2008 Western Adventure


Day 13 - July 2, 2008

I'm excited today because I'm heading for the Rockies, one of the true highlights of my trip.  I set out for the Rocky Mountain National Park, which due to snow had opened the highest parts of the road just recently (12,183 feet high).  As I approached the the majestic Rockies, I came on to a beautiful little town called Estes Park, which was nestled at the foothills of the Rockies.  I was overcome by the beauty, and the higher I went on Trail Ridge Road, the more beautiful it was.  What an awesome experience, especially on a motorcycle.  It's not the place to go for someone that has problems with "Virtigo", but for me it was a little piece of heaven.  The views were unbelievable, and I kept stopping to take one photo after another.  I should have just taken a video of the whole experience.  When I hit 11,000 feet it started to get cold and I was kicking myself for leaving my new riding jacket at home.  I do have a rain jacket, but I toughed it out and before I knew it I was getting warmer, probably from the adrenalin rush.  In many places the snow was still fairly thick.  There was one snow patch on a steep hill that people were sliding down on their backs.  I took a pass and just kept riding.  Speaking of riding, my new Kawasaki Concours 1400 ran like a charm at 12,000 feet.

The descent was also great, but there were fewer trees on the west side of the mountain.  The actual pass through this part of the Rockies is Milner pass, which is on the Continental Divide.  The pass itself is only at 10,759 feet, even thought I had been over 12,000 feet farther back on the road.   It was actually prettier at 10,000 feet because we where below the tree line, and everything was bright green instead of rocks and snow.  Don't get me wrong, the rock formations and snow had a beauty of the own.  After all they are closer to Heaven.  Mile after mile of beautiful scenery.  As I got down to about 8500 feet I got my first glimpse of Grand Lake.  It was a big lake, and luckily the road ran next to it for almost the full length of the lake.  The water had to be very cold, since it's fed directly from the snow, and there was a chill in the air, but there were some brave boaters out on the lake.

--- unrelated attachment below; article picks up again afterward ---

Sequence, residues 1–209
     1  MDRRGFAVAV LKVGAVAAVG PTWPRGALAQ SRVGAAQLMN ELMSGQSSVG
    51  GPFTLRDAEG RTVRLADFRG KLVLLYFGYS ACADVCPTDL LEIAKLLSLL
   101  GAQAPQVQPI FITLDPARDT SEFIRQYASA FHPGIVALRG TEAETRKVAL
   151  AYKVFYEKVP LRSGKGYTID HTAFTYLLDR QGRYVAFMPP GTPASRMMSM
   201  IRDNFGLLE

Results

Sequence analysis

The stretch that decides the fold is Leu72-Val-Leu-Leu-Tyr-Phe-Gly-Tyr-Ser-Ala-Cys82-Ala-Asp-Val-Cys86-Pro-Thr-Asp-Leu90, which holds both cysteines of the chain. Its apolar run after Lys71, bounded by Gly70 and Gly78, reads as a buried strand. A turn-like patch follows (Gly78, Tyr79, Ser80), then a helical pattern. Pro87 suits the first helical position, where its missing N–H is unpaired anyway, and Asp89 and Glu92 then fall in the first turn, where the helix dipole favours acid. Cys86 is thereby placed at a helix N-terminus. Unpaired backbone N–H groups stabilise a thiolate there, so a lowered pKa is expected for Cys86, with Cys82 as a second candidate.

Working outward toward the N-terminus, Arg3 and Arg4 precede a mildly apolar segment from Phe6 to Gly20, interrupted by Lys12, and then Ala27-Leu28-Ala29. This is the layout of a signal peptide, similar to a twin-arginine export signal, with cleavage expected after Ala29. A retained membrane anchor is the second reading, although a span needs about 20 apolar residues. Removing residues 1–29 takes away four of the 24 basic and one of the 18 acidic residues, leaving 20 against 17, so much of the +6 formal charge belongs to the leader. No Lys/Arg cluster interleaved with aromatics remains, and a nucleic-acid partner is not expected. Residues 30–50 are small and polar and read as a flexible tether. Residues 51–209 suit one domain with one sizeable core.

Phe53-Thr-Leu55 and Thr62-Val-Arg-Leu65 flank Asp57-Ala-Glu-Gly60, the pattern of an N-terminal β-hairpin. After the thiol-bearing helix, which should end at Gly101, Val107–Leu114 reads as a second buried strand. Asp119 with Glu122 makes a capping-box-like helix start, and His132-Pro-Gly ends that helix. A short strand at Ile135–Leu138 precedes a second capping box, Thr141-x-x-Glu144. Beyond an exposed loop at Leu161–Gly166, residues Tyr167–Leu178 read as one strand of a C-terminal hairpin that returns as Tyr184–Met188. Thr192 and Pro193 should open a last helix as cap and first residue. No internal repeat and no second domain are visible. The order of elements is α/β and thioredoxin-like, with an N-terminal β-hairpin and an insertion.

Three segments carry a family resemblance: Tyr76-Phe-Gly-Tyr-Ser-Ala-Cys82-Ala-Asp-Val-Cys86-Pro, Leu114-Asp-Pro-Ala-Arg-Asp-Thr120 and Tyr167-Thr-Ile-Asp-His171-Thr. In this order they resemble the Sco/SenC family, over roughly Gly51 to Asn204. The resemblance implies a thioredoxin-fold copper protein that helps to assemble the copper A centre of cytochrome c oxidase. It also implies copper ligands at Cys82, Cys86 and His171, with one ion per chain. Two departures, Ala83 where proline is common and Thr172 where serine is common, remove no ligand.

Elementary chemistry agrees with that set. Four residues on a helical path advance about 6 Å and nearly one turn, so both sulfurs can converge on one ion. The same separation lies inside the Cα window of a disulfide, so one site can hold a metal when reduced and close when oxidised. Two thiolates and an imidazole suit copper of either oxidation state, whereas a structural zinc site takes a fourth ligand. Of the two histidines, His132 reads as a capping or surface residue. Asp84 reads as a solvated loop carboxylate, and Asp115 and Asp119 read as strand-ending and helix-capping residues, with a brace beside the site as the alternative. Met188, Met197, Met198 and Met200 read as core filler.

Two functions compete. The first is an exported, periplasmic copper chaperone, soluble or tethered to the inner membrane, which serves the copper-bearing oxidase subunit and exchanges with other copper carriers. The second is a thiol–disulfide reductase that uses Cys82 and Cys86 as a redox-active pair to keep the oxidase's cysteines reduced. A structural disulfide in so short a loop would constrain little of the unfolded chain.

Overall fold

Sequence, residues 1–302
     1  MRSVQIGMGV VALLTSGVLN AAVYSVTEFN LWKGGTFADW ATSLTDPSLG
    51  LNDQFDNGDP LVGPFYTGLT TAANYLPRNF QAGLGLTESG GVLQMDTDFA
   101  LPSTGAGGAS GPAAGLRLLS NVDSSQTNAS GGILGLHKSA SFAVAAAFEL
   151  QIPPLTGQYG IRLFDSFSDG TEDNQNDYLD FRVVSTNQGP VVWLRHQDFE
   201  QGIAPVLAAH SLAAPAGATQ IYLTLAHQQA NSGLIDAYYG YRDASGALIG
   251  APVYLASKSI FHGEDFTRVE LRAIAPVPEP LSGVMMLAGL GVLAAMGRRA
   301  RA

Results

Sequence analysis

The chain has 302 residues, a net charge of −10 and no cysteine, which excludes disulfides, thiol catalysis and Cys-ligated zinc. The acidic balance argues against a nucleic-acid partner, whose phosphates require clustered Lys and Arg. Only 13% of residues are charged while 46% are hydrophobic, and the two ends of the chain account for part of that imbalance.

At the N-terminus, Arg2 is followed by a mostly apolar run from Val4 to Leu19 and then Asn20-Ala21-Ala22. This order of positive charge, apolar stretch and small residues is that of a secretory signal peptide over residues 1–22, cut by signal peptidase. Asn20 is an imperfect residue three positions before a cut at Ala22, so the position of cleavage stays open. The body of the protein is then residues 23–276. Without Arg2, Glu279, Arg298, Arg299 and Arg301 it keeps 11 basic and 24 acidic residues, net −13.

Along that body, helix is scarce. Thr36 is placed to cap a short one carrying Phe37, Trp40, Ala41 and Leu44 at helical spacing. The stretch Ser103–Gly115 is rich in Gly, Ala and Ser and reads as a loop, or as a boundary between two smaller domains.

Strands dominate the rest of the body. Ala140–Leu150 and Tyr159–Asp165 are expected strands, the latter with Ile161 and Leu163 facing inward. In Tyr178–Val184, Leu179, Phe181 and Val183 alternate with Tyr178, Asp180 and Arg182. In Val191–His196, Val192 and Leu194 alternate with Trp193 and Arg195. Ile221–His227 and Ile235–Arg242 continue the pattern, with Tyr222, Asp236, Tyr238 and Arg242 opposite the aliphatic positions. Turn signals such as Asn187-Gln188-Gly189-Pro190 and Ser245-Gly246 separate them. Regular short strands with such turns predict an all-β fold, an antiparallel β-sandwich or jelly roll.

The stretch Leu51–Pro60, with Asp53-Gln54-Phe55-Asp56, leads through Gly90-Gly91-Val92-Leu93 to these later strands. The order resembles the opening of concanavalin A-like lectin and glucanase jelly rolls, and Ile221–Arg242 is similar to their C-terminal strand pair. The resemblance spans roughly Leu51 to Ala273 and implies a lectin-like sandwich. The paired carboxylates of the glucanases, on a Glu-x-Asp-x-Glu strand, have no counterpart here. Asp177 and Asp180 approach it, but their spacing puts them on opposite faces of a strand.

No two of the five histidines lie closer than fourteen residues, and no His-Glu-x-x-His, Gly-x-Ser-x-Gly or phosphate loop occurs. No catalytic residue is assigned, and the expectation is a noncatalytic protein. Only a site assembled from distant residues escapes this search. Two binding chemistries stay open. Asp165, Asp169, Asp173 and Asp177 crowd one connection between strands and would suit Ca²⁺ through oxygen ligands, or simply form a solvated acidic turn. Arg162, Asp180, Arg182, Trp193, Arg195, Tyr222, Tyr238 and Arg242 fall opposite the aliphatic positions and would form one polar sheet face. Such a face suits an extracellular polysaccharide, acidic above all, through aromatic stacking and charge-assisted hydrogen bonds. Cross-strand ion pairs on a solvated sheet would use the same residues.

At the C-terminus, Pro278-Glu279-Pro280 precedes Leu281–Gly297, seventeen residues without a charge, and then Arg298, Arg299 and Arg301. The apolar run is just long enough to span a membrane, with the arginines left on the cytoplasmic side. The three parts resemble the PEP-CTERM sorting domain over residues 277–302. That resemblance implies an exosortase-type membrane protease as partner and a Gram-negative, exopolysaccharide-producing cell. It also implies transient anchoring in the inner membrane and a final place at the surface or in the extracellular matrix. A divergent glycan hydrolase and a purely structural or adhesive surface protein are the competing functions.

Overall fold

Just past the lake I saw a group of horses in a nice green pasture.  For those of you who have seen my travel posts, you know that I have a weakness for horses.  Actually animals of any kind.  I stopped and got a few shots of them doing what they do best....eating, and looking at strange men on motorcycles.  They were all very well fed and had nice shiny coats.  I love to see animals that are well cared for, which is not always the case. 

A little further down the road I hit Junction 40, which I took West  for a few miles and then jumped onto Hwy 9 South.  A few miles after I got onto Hwy 9 I started to see some dark clouds off in the distance.  Before I knew it, the rains hit me hard.  I stopped and put on my rain gear, but was already very wet.  I continued on and the weather got worse.  Lightning was hitting all around me and the winds really picked up.  I was having to lean the bike way over just to compensate for the winds.  I have ridden many time in severe weather, and this was one of the scariest times.  Eventually I came to a fair sized town that had lodging accommodations, so I decided to stop there for the night.  The lack of sleep and the bad weather had drained my energy.  The town is Silverthorne, CO, and that's where I'm at now.

Silverthorne is about 9,000 feet and I am really feeling the affects of the high altitude.  I decide to get a motel and settle in for the night.





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